This essay first appeared on the Dissident Voice webzine.
When Blade Runner played the Castro Theatre in San Francisco recently, I went to see it on their old-school big screen, where it belongs. This was the Final Cut, one of multiple versions (not all of which have been released theatrically) made since the film’s first release in 1982. For some reason the Final Cut has been unavailable to theaters since it debuted seven years ago. Blade Runner’s production and re-production history is a saga in itself, as a little web research will show you. It’s clearly always been an object of obsession for its director, Ridley Scott. And has since become one for legions of fans, including me.
It was (appropriately) a night of rain, although a needed, drought-breaking rain, not the toxic acid rain that unendingly fills the skies of “Los Angeles 2019” in the film. It was a weeknight, and a busy time of year. Much of the audience didn’t look old enough to have seen the film when it first came out. But the ticket line for this 1400-seat theater stretched around the block, for both shows. Why? “People love some Blade Runner,” said a guy in line.
And why is that? Blade Runner was not a hit back in 1982. The love has taken time to manifest. In hindsight, though, it’s clear that a good deal of its power to attract comes from the extraordinary level of craft applied to both of the elements that determine reception in any film: visual and narrative.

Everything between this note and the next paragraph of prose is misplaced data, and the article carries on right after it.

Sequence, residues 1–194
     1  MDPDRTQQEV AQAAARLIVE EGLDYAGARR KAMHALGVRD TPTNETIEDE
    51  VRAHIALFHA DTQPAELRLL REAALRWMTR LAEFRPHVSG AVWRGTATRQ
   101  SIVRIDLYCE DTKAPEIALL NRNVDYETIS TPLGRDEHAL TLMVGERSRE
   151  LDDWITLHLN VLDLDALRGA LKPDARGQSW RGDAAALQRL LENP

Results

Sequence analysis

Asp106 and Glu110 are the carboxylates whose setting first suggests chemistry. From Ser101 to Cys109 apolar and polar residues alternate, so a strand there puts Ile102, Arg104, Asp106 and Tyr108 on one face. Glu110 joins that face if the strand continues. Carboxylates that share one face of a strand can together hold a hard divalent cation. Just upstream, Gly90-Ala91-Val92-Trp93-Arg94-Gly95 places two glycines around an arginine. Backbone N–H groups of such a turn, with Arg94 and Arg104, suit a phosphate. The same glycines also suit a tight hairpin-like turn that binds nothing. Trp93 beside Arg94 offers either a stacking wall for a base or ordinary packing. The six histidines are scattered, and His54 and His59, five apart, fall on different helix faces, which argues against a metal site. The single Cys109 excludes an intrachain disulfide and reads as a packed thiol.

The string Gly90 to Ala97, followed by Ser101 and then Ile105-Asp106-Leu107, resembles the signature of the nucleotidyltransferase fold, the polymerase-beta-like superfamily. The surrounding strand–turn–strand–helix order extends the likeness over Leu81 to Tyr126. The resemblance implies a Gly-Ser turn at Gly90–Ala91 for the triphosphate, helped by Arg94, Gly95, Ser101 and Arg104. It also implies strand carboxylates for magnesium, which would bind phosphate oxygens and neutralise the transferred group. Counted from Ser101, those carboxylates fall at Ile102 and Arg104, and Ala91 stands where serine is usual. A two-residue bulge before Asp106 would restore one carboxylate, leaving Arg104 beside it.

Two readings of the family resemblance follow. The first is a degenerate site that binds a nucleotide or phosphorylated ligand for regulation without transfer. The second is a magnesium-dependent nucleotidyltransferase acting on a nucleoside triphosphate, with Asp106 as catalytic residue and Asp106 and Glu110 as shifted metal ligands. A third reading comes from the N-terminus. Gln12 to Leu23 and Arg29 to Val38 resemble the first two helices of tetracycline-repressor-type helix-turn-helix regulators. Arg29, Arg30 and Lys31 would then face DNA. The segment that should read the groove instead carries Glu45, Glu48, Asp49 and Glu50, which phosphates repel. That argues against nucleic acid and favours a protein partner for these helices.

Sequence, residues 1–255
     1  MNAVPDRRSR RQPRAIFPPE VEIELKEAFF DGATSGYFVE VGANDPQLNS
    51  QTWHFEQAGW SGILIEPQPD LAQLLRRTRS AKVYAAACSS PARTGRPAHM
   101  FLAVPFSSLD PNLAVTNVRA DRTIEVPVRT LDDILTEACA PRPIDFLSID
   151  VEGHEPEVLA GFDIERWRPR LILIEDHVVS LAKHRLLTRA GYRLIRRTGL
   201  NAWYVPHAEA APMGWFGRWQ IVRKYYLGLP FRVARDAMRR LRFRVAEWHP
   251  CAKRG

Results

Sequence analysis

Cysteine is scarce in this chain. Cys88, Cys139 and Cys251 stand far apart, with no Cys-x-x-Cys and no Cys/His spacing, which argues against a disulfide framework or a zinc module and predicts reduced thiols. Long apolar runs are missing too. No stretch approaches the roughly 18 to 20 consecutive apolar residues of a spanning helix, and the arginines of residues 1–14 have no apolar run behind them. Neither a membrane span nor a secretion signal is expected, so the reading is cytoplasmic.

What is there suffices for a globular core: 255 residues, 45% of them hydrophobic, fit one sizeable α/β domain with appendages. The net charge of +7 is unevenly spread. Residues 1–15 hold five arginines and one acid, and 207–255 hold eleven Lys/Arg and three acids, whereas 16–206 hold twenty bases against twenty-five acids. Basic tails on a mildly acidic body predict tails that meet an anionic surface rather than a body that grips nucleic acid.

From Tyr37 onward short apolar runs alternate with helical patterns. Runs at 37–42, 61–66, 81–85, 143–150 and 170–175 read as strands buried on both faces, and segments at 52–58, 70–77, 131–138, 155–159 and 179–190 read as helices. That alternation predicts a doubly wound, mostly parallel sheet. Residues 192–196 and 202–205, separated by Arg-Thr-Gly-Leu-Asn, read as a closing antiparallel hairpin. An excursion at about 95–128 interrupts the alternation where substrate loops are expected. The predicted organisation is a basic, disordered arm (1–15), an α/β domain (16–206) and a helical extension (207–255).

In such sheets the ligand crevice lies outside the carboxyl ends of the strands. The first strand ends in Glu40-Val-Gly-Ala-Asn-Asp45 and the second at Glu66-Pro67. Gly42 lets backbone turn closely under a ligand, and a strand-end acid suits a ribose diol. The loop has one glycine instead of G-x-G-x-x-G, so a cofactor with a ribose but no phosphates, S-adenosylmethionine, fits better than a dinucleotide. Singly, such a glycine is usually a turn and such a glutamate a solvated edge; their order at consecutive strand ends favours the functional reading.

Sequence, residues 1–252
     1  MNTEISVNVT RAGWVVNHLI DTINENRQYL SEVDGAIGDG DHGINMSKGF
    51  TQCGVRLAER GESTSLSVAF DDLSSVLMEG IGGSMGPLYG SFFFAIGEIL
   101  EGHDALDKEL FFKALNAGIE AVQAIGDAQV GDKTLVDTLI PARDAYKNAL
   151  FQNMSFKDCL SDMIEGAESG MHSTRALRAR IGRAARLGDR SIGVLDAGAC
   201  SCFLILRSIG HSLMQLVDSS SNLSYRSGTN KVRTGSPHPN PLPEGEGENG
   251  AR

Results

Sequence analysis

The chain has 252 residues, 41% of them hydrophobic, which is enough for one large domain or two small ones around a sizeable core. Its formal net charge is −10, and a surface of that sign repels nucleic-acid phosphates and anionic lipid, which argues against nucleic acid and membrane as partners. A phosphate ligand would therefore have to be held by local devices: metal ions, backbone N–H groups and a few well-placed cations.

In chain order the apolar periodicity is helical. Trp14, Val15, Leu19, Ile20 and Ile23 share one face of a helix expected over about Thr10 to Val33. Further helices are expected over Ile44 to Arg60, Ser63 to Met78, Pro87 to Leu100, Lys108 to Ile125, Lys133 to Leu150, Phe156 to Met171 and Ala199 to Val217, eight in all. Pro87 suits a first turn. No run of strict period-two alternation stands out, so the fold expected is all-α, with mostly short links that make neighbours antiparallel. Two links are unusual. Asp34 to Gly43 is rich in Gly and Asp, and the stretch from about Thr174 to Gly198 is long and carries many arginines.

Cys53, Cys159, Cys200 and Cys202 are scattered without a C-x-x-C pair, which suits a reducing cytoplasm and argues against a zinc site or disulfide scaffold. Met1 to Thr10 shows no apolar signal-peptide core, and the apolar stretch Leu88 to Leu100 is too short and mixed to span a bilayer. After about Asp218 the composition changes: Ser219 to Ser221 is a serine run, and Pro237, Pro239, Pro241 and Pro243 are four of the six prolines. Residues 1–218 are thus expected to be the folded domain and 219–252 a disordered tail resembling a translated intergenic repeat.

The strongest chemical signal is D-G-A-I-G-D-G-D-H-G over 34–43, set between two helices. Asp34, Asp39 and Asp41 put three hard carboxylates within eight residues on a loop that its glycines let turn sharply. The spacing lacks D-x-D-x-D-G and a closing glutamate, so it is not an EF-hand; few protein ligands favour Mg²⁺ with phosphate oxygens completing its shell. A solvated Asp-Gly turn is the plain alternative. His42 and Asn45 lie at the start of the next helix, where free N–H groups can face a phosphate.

For decades in Hollywood, pulp genre films were associated with low budgets and correspondingly simple design. That’s why earlier sci-fi movies mostly look cheap and silly. Stanley Kubrick blasted the hinges off the genre’s door back in 1968 with 2001: A Space Odyssey, but his approach didn’t inspire a herd of followers. Spielberg and Lucas were visual standouts in the 1970s, but their narrative model was for kids – it was the Boys’ Own Story. What Scott did with Blade Runner that was unique, at least until Terry Gilliam’s Brazil, was to tell a grown-up future story in which the design was superbly visionary and still created a putative environment on this planet, not out in space somewhere. Blade Runner’s visual aesthetic is both familiar and exotic, and, for a genre film, almost lovingly detailed.
(We’re talking about Hollywood here; Europe’s sci-fi masterpieces like Chris Marker’s La Jetée, Godard’s Alphaville, or Andrei Tarkovsky’s Solaris had already shown what could be done even without the kind of capital demanded for “big” studio pictures.)
But of course there is another criterion for enduring success that applies uniquely to stories of the future: can it prophesy?
Blade Runner’s rise really began in the ‘90s, when the rapturous wedding of capital and new technology, the ascending power of the Asian Tiger economies and transnational corporations, and advances in genetic engineering and AI (in 1997 a computer first beats a chess World Champion), indicated that much of the film’s future scenario was now clearly nascent.
This is key, because the best sci-fi is not predictive but prophetic. It doesn’t show us what we’re going to be wearing or driving in fifty years, but how living in the world could feel. And not just in the future, of course, but how it can feel right now. That’s because prophecy, unlike prediction, has a timeless quality. Its reality is always imminent. It’s always a reflection of inner understandings more than specific external characteristics.